The preprocessor may include a parser and a generator. The parser may be configured to identify the one or more voice commands from the one or more XML files included in the XML configuration repository. The translator may be configured to register the one or more voice commands with the speech recognition engine such that the one or more semantic operations may be executed in response to the one or more voice commands.

The voice extension module may include a web service interface that is configured to receive the one or more XML files included in the XML configuration repository. The web service interface also may be configured to store the received XML files in the XML configuration repository.

The first user interface may be at least one from a group including a hypertext markup language (HTML) document presented in a web browser, a Java Script document presented in a web browser, a standalone application, and a user interface for a web services application.

In another general aspect, a voice extension module for voice-enabling a user interface includes a speech recognition engine. An XML configuration repository includes one or more XML files specifying one or more voice commands for signaling for execution of one or more semantic operations that may be performed using a user interface. A preprocessor is configured to register with the speech recognition engine the one or more voice commands. An input handler is configured to receive a first voice command and to communicate with the preprocessor to execute a semantic operation from the one or more semantic operations that may be performed using the first user interface. The first voice command is one of the voice commands registered with the speech recognition engine by the preprocessor, and the first voice command signals for execution of the semantic operation.

Implementations may include one or more of the following features. For example, the XML configuration repository may categorize the one or more voice commands into one or more roles of users of the first user interface. The preprocessor may be configured to register with the speech recognition engine one or more voice commands from within the XML configuration repository that are representative of a particular one of the one or more roles. The particular role may correspond to a user of the first user interface.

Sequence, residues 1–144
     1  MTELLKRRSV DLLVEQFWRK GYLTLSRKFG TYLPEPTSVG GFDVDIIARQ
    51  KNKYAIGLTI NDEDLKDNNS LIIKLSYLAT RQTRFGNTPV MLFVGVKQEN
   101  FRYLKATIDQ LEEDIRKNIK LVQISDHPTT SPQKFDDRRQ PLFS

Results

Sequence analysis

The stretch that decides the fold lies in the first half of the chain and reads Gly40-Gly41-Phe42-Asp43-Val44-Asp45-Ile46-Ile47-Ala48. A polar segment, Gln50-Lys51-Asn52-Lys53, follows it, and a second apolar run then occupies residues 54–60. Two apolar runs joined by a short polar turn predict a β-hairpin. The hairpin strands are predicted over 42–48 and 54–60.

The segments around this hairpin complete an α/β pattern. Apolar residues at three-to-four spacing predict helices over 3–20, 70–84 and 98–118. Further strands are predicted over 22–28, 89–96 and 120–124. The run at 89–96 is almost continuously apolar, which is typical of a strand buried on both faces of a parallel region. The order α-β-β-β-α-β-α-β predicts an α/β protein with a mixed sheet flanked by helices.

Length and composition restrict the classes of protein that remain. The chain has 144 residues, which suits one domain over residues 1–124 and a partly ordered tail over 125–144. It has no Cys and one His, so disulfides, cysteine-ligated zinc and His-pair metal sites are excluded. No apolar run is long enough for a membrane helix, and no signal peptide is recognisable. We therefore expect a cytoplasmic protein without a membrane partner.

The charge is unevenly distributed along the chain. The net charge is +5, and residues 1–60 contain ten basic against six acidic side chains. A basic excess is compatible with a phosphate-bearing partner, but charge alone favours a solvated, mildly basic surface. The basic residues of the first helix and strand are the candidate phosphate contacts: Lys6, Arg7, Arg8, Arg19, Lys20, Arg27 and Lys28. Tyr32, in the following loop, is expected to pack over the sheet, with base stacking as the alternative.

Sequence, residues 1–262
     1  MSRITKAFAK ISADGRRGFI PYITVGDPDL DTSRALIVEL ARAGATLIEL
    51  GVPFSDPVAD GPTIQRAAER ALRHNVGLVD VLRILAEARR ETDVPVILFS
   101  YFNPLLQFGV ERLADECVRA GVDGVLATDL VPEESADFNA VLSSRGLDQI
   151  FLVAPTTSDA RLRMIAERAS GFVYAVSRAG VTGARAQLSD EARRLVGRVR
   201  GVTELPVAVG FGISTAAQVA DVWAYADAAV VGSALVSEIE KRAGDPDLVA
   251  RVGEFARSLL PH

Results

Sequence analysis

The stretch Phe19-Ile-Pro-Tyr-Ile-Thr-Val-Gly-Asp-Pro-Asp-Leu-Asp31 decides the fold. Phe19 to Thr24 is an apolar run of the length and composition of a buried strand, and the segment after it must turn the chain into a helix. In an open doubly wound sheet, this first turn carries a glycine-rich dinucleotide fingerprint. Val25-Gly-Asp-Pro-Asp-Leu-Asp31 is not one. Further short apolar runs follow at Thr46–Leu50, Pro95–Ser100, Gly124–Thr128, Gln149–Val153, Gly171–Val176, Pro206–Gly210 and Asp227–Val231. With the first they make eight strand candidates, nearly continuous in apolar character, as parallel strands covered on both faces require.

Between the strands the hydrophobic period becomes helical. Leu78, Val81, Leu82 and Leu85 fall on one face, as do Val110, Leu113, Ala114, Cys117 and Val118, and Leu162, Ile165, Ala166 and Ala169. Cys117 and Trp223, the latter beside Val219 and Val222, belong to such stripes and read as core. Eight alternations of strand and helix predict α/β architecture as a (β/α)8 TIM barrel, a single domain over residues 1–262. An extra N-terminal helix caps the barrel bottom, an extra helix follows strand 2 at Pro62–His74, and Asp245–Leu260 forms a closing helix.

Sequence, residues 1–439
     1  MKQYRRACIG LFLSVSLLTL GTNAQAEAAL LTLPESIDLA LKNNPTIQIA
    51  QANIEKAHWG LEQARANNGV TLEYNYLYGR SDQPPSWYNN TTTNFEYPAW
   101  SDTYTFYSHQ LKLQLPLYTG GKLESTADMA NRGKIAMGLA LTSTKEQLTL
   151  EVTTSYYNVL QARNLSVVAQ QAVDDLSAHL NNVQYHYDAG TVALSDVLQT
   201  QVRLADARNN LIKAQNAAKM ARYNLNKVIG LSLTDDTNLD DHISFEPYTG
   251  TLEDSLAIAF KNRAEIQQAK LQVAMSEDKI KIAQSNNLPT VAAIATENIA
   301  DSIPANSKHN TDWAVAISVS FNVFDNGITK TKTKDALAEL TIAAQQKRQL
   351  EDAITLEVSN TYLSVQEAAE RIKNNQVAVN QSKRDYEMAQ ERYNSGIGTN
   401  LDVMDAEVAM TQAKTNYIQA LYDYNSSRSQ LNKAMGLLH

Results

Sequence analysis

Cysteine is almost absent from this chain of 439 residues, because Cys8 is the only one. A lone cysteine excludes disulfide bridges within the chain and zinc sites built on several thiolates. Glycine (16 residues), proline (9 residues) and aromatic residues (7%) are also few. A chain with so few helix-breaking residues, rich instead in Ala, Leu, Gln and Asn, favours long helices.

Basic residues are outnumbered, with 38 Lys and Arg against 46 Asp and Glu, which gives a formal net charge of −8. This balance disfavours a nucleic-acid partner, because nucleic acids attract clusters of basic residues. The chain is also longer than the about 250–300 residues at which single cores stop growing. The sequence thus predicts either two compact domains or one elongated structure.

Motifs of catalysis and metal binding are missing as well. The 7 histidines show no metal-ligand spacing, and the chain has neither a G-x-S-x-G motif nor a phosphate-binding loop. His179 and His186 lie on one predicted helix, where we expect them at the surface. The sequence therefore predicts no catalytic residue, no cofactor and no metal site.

An error handler may be configured to handle errors in the execution of the semantic operation that is executed in response to the first voice command. The error handler also may be configured to prompt for additional information that further specifies the semantic operation that is executed in response to the first voice command.

The one or more XML files included in the XML configuration repository may specify one or more additional voice commands for switching to a second user interface. The preprocessor may be configured to register with the speech recognition engine the one or more additional voice commands. The input handler may be configured to receive a second voice command and to communicate with the preprocessor to switch to the second user interface. The second voice command may be one of the one or more additional voice commands registered with the speech recognition engine by the preprocessor.

The one or more XML files included in the XML configuration repository may specify one or more additional voice commands for signaling for execution of one or more semantic operations that may be performed using a second user interface. The preprocessor may be configured to register with the speech recognition engine the one or more additional voice commands. The input handler may be configured to receive a second voice command and to communicate with the preprocessor to execute a semantic operation from the one or more semantic operations that may be performed using the second user interface. The second voice command may be one of the one or more additional voice commands registered with the speech recognition engine by the preprocessor, and the second voice command may signal for execution of the semantic operation.

The preprocessor may include a parser and a translator. The parser may be configured to identify the one or more voice commands from the one or more XML files included in the XML configuration repository. The translator may be configured to register the one or more voice commands with the speech recognition engine such that the one or more semantic operations may be executed in response to the one or more voice commands.

A web service interface may be configured to receive the one or more XML files included in the XML configuration repository. The web service interface also may be configured to store the received XML files in the XML configuration repository.

In another general aspect, enabling a user interface to be controlled with voice commands includes accessing an XML configuration repository that specifies one or more voice commands for execution of one or more semantic operations that may be performed using a first user interface for a first application. Each voice command corresponds to at least one of the semantic operations. At least one of the voice commands is identified from the XML configuration repository. The identified voice command is registered with a speech recognition engine and an input handler to enable voice control of the first user interface. A particular one of the one or more semantic operations is performed in response to a first voice command. The first voice command is the voice command registered with the speech recognition engine and the input handler, and the first voice command corresponds to the particular semantic operation.